EXCLUSIVE: Lawrence Kasdan and bestselling author Harlan Coben are teaming on a feature adaptation of Stay Close, Coben’s latest thriller novel which Dutton will publish March 20. Kasdan, who came to Sundance to watch yesterday’s premiere of son Jonathan Kasdan’s The First Time, will direct the film. Kasdan’s latest, Darling Companion, opens the Santa Barbara Film Festival on January 26th. In Stay Close, a past crime returns to devastate the lives of a photojournalist, a suburban mother with a hidden past, and a homicide detective obsessed with a series of unsolved disappearances. The Hitchcockian thriller plunges all three into a dark world of sex, secrets and shocking violence.
Both Coben and Kasdan told me that they expect to have a script ready by the time the book is published. It’s not the usual way a book by a big author like Coben is brokered. But despite the fact his last four novels debuted atop The New York Times Bestseller list, the only movie adaption of Coben’s work was 2006’s Tell No One, and that was a French film directed by Guillaume Canet. It wasn’t until after that film’s success that Warner Bros acquired remake rights, with Ben Affleck attached to direct, Chris Terrio writing and Kennedy/Marshall producing. All Coben’s books have been optioned repeatedly, only to languish in development hell.
“Everybody told me I was crazy to make that deal with Guillaume, but in hindsight I was enormously lucky,” Coben told me. “That book was optioned first by Mike Ovitz’s AMG, which maybe was a kiss of death, and then Sony tried before the rights came back to me and this crazy young French guy came along with great ideas and a plan to set the film in France. Every one of my books has either been optioned or is under option, and it seems to me that this situation with Larry isn’t much different than an option deal where a producer gets somebody to acquire, then has a script written and then something goes wrong.”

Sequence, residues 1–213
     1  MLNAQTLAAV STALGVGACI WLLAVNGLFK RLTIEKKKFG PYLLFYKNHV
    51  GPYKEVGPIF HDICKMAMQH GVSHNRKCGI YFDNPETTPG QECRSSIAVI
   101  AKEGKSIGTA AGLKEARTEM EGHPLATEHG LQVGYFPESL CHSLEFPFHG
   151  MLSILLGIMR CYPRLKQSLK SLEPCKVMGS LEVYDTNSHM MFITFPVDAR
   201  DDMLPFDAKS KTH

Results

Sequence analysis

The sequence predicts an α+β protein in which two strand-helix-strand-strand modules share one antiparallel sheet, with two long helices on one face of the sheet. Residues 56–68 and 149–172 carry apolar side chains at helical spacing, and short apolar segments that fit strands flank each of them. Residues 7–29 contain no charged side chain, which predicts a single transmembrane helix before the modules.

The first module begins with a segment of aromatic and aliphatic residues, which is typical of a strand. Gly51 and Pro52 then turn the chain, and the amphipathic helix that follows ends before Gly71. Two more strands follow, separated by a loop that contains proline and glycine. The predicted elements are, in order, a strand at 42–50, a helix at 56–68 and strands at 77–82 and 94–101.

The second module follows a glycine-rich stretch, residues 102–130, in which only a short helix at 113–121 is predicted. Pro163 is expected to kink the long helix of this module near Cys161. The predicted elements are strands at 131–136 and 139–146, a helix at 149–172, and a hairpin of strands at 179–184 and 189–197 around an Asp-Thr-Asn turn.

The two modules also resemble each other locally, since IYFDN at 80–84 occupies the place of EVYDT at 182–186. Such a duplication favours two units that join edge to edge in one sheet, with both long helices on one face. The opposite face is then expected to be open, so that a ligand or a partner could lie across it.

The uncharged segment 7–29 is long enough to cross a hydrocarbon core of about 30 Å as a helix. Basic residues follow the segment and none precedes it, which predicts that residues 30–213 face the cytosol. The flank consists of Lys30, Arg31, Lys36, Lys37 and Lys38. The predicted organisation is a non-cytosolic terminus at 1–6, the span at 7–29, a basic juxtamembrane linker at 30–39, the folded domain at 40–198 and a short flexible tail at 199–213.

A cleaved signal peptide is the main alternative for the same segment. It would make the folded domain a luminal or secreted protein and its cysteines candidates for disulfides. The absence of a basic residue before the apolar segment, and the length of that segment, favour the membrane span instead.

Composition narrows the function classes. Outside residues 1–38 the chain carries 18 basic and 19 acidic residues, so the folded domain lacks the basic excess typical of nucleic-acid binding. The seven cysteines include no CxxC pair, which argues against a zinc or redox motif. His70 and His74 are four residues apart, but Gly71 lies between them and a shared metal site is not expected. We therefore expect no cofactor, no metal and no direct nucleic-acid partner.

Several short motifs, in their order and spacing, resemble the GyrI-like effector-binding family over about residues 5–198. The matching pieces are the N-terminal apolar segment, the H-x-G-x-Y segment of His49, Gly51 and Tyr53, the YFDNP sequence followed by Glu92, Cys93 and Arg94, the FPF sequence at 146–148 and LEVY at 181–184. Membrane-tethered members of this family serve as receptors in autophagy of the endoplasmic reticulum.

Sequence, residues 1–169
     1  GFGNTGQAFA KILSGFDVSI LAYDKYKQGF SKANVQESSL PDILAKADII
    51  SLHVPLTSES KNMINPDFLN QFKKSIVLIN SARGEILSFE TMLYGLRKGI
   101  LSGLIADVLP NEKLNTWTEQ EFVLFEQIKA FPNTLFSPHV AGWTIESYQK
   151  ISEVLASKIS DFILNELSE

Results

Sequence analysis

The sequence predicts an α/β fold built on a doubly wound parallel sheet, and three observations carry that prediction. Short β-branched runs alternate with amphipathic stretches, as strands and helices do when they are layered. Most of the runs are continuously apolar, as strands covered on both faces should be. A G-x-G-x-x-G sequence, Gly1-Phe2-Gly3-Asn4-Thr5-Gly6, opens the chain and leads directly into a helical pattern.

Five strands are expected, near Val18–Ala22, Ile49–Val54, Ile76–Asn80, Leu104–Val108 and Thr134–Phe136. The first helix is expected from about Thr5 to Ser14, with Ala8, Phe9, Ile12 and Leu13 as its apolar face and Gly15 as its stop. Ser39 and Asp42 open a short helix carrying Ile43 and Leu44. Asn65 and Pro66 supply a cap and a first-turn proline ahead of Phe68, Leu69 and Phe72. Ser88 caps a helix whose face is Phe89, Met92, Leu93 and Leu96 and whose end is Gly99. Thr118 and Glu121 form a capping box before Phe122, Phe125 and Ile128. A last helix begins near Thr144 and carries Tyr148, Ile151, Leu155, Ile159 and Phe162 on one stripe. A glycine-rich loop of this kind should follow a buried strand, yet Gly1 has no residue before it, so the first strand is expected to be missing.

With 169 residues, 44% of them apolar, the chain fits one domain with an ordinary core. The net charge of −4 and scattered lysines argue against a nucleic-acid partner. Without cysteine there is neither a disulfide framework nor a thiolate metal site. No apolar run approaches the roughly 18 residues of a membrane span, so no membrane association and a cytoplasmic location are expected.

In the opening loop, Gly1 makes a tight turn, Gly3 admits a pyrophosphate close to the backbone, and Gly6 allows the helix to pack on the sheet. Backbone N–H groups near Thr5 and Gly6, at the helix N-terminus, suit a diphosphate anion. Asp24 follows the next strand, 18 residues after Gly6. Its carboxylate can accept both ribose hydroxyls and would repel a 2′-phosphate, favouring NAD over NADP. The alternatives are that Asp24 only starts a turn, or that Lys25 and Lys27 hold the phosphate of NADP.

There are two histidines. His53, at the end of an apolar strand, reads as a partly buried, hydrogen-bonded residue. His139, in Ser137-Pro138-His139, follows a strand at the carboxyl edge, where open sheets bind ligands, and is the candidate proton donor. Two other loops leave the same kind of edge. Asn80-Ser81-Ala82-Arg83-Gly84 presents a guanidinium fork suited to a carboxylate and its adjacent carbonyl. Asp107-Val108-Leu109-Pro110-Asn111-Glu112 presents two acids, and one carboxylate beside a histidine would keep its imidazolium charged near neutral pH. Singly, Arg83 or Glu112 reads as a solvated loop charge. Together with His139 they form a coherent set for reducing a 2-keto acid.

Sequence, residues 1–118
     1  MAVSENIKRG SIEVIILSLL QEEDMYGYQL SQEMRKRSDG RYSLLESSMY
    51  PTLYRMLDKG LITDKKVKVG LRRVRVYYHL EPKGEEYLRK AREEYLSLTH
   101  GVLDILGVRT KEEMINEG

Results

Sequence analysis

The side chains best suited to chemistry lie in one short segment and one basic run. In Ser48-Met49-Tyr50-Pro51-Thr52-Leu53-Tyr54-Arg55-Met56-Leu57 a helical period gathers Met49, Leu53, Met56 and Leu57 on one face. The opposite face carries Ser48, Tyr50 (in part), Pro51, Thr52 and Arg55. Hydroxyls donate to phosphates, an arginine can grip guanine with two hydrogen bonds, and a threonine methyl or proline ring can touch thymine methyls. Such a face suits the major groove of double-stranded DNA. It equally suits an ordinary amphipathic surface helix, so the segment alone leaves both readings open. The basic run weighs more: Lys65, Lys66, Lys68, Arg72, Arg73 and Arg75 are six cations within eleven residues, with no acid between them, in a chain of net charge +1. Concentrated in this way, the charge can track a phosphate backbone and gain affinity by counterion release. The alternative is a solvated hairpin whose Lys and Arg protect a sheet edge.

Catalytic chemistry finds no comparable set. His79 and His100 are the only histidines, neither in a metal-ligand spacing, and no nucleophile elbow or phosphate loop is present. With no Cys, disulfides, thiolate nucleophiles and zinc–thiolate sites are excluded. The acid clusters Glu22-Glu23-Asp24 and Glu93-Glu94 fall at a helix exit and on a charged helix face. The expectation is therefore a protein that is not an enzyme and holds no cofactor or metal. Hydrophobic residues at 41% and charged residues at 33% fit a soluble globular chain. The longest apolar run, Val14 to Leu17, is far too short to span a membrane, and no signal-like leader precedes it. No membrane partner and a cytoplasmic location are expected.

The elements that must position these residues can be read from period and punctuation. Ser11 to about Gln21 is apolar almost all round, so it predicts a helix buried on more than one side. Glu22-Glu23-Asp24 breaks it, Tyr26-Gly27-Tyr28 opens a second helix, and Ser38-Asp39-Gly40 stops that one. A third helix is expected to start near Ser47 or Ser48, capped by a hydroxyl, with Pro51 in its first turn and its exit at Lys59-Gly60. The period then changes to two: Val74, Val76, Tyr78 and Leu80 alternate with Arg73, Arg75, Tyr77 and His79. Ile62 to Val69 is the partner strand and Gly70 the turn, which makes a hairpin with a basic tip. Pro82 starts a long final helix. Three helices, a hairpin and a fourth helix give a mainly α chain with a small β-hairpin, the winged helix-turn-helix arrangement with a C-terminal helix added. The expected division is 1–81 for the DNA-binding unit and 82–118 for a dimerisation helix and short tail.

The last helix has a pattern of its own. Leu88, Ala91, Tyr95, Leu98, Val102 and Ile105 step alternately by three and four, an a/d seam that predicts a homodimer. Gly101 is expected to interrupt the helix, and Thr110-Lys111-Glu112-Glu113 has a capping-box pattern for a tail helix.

Kasdan told me that after he made Darling Companion, which was stylistically reminiscent of his film The Big Chill, he wanted a potboiler reminiscent of his earlier film Body Heat. “Harlan and I met at a conference organized by Jeff Bezos, and we just hit it off,” Kasdan said. “I’d read a couple of his books, and after asking him why they hadn’t been made into his movies, he told me his tale of woe, of having everything optioned and developed to death. We agreed to look through his stuff, and he said, I just finished a book today, do you want to read it? I think it’s the most adaptable of his books, with a tight plot and strong characters. We’ll have the script ready by March, and at that point we’ll see who salutes. When you boil Harlan’s fiction to its core, it’s intensity, momentum and tension and this will be a medium budget sexy and violent film.”
Coben is represented by the Aaron Priest Literary Agency for publishing and WME for features. CAA reps Kasdan.